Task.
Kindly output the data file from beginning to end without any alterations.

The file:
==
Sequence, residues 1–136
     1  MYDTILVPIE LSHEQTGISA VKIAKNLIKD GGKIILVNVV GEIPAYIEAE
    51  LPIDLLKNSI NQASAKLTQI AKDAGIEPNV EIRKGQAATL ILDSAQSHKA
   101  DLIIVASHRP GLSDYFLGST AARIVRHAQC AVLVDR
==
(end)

Sequence, residues 1–136
     1  MYDTILVPIE LSHEQTGISA VKIAKNLIKD GGKIILVNVV GEIPAYIEAE
    51  LPIDLLKNSI NQASAKLTQI AKDAGIEPNV EIRKGQAATL ILDSAQSHKA
   101  DLIIVASHRP GLSDYFLGST AARIVRHAQC AVLVDR